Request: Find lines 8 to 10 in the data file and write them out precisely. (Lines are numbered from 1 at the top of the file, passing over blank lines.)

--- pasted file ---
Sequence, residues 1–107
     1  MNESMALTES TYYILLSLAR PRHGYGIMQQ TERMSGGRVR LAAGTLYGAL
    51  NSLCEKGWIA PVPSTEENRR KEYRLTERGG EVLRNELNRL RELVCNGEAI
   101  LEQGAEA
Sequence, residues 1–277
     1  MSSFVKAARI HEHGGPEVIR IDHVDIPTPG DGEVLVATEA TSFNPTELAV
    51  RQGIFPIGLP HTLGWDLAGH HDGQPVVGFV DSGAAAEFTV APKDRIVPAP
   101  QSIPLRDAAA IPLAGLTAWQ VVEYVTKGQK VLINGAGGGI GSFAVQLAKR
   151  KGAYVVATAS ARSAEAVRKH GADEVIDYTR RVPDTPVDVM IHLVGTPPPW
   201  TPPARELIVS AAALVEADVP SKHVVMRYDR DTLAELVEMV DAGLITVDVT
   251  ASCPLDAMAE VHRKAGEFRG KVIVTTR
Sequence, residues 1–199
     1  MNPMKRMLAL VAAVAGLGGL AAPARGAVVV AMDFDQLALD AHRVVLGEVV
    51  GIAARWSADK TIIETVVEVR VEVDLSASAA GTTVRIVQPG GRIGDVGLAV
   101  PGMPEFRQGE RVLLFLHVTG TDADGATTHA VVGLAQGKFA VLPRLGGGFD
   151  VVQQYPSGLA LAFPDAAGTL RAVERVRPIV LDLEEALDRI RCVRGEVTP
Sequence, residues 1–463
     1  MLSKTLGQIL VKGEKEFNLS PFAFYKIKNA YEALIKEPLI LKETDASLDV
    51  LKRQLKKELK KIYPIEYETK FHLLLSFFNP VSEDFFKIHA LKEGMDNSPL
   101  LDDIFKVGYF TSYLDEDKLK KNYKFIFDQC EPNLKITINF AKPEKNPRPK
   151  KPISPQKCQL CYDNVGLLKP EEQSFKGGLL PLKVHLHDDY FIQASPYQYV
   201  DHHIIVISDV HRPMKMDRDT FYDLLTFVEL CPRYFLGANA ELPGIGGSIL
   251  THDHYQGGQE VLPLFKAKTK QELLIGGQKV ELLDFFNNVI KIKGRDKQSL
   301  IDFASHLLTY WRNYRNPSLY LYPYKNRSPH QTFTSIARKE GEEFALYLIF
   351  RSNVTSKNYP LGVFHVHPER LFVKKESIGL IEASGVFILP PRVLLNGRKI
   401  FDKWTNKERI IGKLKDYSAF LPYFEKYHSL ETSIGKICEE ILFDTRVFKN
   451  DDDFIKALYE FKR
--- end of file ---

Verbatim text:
   101  QSIPLRDAAA IPLAGLTAWQ VVEYVTKGQK VLINGAGGGI GSFAVQLAKR
   151  KGAYVVATAS ARSAEAVRKH GADEVIDYTR RVPDTPVDVM IHLVGTPPPW
   201  TPPARELIVS AAALVEADVP SKHVVMRYDR DTLAELVEMV DAGLITVDVT